Envision is a nano-sized anti-cancer drug capable of destroying a breast tumor without damaging the surrounding tissue. Or imagine a self-healing skin graft developed from nanomaterials that treat the wounds of those with diabetes. These two biomedical technologies alone could be capable of greatly improving the quality of life for patients and saving millions in healthcare costs for Canadians.

This is the reason why the Government of Canada is investing research infrastructure funds through the Canada Foundation for Innovation (CFI) for the new Biomaterials and Nanomedicine Laboratory at the University of Manitoba.

Announcement about the funding was made at the University on October 12th, 2017, by the Honourable Kirsty Duncan, Minister of Science, as part of a CFI investment of more than $554 million in 117 new infrastructure projects to be carried out at 61 Colleges, Universities and Research Hospitals all over Canada. With this announcement, the CFI also marks a vital milestone, having funded more than 10,000 projects since it commenced in 1997.

Malcolm Xing, an Emerging Leader in Biomedical Engineering and Nanomedicine at the University of Manitoba, will be using modern equipment to develop drug-loaded nanoparticles that target tumor cells. Additionally, he and his team will engineer 3D printed nanocomposites for skin grafts employed in treating foot ulcers in diabetics. This project is considered to be one of four at the University to receive CFI funding, for a total cost of $1.2 million.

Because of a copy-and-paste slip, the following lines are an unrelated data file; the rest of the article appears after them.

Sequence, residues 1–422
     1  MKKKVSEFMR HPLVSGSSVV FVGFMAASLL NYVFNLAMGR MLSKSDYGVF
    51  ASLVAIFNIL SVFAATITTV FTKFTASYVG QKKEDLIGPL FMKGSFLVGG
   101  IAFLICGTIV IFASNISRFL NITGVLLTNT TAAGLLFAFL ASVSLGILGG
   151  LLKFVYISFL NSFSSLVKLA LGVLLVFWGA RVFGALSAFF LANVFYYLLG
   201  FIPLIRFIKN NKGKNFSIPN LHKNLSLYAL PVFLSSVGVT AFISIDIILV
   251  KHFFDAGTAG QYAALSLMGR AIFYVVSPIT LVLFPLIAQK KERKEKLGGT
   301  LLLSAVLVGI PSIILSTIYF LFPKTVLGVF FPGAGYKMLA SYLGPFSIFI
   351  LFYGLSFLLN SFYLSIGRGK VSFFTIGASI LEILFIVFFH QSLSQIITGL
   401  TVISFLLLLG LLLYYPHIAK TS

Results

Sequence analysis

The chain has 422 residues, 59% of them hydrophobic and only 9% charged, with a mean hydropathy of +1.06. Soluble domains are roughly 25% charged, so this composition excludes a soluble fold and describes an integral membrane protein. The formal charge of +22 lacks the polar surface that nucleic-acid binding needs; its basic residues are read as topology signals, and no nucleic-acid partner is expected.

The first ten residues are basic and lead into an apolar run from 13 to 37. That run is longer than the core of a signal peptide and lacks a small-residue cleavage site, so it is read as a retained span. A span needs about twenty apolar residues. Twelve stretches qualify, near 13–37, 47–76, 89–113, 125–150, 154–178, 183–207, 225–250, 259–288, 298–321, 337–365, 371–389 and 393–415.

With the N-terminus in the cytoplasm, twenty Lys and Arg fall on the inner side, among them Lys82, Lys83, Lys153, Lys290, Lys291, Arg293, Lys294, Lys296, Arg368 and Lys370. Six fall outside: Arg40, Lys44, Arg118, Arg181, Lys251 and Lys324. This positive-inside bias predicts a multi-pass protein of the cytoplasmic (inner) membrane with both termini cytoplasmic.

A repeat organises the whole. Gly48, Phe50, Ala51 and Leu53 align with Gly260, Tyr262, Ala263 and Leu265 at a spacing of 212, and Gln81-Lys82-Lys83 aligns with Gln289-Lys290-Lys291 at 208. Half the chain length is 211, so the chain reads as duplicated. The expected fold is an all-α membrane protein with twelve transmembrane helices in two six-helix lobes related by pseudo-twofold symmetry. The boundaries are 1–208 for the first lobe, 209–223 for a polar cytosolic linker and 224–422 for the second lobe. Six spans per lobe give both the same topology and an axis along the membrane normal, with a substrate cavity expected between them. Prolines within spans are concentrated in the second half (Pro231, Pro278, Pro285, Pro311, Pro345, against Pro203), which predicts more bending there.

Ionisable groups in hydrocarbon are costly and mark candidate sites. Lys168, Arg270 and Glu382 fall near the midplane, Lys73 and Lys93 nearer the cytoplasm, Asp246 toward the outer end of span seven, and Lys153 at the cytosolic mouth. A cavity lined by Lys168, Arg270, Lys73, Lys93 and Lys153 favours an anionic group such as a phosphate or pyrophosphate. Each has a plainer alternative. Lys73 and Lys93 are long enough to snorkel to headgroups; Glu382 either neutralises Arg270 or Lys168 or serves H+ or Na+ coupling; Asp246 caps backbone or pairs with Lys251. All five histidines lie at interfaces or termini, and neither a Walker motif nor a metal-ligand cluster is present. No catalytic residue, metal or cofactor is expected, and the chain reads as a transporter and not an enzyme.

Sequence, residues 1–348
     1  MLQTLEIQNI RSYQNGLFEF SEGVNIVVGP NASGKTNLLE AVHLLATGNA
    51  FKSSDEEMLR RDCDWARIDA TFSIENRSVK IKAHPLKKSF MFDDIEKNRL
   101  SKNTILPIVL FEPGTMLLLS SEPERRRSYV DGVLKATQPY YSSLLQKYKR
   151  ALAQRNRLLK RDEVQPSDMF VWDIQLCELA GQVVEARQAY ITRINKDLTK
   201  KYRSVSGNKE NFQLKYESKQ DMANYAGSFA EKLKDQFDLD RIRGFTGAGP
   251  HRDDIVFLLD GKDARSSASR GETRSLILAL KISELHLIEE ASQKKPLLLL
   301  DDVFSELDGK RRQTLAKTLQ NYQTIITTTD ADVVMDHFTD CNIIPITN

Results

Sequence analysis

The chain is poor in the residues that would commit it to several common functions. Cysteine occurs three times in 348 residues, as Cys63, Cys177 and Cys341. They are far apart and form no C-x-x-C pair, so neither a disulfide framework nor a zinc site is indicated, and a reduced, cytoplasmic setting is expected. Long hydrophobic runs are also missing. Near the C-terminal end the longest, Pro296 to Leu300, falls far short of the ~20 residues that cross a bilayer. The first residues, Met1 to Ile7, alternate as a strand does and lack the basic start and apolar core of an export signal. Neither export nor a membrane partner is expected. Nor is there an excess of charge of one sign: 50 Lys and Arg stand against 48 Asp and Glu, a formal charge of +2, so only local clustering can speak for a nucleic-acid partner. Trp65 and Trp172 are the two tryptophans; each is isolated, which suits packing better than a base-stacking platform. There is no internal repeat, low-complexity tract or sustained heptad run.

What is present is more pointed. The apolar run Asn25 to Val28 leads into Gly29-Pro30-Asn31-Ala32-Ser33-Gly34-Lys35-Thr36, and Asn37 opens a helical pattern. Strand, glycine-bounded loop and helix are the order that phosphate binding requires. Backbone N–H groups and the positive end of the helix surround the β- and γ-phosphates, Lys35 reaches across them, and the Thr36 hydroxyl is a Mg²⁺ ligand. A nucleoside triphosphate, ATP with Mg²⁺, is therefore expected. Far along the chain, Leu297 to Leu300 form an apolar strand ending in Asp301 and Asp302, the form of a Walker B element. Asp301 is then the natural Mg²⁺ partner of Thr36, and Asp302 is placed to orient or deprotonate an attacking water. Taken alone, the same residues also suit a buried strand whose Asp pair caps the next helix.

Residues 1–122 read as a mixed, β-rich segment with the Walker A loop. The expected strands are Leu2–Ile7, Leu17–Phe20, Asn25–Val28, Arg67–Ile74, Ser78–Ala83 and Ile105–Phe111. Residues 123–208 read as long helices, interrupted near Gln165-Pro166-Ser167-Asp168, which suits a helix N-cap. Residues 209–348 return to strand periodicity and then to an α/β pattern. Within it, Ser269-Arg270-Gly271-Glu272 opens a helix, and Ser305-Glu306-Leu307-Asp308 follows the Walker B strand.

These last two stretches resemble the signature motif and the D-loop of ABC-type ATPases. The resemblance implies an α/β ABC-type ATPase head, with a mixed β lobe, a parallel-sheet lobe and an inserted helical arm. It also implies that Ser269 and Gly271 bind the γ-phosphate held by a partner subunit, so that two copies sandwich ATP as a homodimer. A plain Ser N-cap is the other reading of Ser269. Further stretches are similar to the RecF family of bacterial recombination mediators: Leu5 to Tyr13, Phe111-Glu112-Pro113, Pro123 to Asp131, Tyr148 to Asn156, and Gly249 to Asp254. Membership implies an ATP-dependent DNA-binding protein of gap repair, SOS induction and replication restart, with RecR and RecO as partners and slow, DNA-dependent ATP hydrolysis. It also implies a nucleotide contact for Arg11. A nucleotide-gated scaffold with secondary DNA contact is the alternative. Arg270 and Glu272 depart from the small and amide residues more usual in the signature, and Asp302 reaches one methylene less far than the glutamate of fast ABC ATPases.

The funding announced recently, awarded via the CFI’s Innovation Fund, will extend its support for research dealing with rehabilitating people with traumatic brain injuries to harnessing the renewable power of tidal currents and building the first quantum computer in the world.

This fund focuses to put the correct tools in the hands of the country’s Scientists so they can discover, revolutionize and train their students for futuristic jobs. Scientists are thus contributing to developing a bolder, brighter future for all Canadians, a future that one that includes a healthy and strong middle class.

Read more at azonano.com

Image Credit:  Blackboard/ Shutterstock.com

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